The University of North Carolina system took the first step in its search for a new president Friday, eight months after Margaret Spellings stepped down from the job.
It will be done behind closed doors and the public won’t know who’s in the running, even when it’s down to the finalists.
UNC system spokesman Jason Tyson said the process has historically been confidential and will remain that way mainly because they want to protect candidates from being exposed to their current employers.
The UNC system Board of Governors voted Friday to establish a search process to appoint the new president, who will oversee 17 campuses across the state, including UNC-Chapel Hill and N.C. State, that serve nearly 250,000 college and gifted high school students.
Spellings’ departure was unexpected and came three years into her 5-year contract. She faced some challenges and political controversies during her tenure, including protests over the Confederate statue at UNC-Chapel Hill, “Silent Sam,” and the short-lived state law regulating transgender bathroom use, known as House Bill 2.
Spellings was at odds with a faction of the board, and in the end, both parties agreed it was time for a change, The News & Observer previously reported. She was earning $775,000, plus deferred compensation of $77,500 annually.
Dr. William Roper, former UNC Health Care CEO and dean of UNC’s medical school, has been the interim president since January and will continue in that role until a new president is elected. Roper hasn’t said whether he is vying for the position permanently. His leadership has been in the news recently as the UNC Health Care system has come under fire for problems with the pediatric heart surgery program.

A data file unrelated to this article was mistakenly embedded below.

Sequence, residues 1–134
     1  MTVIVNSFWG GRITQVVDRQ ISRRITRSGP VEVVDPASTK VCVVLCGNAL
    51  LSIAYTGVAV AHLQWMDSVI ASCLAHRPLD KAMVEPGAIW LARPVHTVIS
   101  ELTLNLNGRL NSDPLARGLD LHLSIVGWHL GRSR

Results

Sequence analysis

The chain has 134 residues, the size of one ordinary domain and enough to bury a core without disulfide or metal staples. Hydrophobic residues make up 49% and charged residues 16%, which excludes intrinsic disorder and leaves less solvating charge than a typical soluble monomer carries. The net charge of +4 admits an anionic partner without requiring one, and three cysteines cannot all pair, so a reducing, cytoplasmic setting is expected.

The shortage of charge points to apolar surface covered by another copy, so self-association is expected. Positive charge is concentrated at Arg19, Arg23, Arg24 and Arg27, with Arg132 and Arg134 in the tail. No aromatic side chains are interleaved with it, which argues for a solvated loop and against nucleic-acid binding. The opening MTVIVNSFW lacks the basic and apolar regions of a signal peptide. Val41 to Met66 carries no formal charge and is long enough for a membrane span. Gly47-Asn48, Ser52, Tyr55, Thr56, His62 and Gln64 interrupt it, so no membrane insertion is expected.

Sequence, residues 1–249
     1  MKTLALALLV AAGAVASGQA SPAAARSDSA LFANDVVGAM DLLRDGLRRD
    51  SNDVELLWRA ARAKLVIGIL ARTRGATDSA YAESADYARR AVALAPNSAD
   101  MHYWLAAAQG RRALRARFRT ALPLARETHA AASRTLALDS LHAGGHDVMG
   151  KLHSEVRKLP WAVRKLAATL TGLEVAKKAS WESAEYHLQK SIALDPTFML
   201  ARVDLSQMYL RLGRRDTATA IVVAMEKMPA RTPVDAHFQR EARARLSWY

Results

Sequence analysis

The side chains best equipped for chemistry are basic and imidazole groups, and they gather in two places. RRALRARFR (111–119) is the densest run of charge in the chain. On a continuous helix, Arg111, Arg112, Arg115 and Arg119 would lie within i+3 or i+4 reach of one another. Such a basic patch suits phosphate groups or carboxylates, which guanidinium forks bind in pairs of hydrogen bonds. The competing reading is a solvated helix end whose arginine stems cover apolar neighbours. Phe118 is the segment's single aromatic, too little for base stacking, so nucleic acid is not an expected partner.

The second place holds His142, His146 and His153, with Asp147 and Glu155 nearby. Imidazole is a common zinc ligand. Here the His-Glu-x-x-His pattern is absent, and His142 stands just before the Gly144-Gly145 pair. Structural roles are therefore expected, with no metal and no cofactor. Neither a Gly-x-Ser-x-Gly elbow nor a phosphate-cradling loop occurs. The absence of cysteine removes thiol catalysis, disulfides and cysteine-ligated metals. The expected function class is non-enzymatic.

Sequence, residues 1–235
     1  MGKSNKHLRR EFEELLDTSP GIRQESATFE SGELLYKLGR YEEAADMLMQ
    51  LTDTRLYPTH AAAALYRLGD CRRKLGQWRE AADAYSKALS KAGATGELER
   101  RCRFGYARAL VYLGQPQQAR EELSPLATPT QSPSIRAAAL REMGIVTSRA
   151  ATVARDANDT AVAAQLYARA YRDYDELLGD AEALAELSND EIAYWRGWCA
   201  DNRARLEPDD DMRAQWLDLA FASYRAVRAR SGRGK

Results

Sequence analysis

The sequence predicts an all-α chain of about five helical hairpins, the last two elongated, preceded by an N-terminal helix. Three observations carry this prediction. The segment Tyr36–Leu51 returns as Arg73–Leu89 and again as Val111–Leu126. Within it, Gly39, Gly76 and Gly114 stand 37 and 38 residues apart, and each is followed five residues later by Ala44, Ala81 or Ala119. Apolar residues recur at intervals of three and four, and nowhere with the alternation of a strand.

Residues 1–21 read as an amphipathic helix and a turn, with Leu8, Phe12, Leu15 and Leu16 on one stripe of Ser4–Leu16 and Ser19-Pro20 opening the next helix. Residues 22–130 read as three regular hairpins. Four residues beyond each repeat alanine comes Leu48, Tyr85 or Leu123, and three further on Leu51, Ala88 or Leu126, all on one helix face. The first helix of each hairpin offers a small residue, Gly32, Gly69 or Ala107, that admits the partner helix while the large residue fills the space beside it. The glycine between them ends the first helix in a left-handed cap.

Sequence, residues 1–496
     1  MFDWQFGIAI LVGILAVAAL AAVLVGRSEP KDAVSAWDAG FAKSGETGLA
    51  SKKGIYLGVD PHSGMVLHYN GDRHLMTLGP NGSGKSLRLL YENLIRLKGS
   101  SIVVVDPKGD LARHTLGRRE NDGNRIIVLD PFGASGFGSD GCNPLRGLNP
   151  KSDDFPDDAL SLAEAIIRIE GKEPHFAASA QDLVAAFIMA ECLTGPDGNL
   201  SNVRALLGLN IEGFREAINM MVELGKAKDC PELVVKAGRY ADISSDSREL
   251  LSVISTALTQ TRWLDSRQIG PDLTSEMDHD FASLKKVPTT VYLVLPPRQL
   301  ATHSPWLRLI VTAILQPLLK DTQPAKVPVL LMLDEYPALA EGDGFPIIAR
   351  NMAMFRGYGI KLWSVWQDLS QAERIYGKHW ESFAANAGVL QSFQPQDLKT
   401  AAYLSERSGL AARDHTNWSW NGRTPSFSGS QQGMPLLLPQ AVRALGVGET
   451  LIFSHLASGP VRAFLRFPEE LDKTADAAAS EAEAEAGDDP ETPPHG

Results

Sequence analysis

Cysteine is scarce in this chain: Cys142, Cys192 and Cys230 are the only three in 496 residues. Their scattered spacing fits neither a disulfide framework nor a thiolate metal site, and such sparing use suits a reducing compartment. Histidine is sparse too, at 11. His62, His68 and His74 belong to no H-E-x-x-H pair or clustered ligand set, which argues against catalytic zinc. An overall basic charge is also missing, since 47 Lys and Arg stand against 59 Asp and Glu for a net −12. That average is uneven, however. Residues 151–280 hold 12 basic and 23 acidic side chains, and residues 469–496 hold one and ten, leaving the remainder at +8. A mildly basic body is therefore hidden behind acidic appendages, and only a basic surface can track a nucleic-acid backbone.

Although the process will be private, North Carolina Gov. Roy Cooper, House Speaker Tim Moore and Senate leader Phil Berger will be kept in the loop about the progress.
Board of Governors Chairman Harry Smith will put together a search committee of seven people. The only two named so far are Randy Ramsey, vice chair, and Wendy Murphy, chair of the committee on personnel and tenure.
That search committee will choose at least three candidates and can elicit the help of an executive search consultant and other staff.
The board previously hired Boston-based firm Isaacson Miller to assist in the previous presidential search that found Spellings was the best fit. The cost of that search was expected to be nearly $300,000 and more than half was spent to pay Isaacson Miller.
The search committee will present the prospective candidates to the board’s presidential assessment and advisory committee, which will give the full board a list of at least three finalists. The board will then vote to appoint the new president of the system among those finalists.
There was no discussion of potential candidates, a time line, costs or a consulting firm for the search at the meeting Friday. Tyson said the UNC system office has designated funds for these expenses.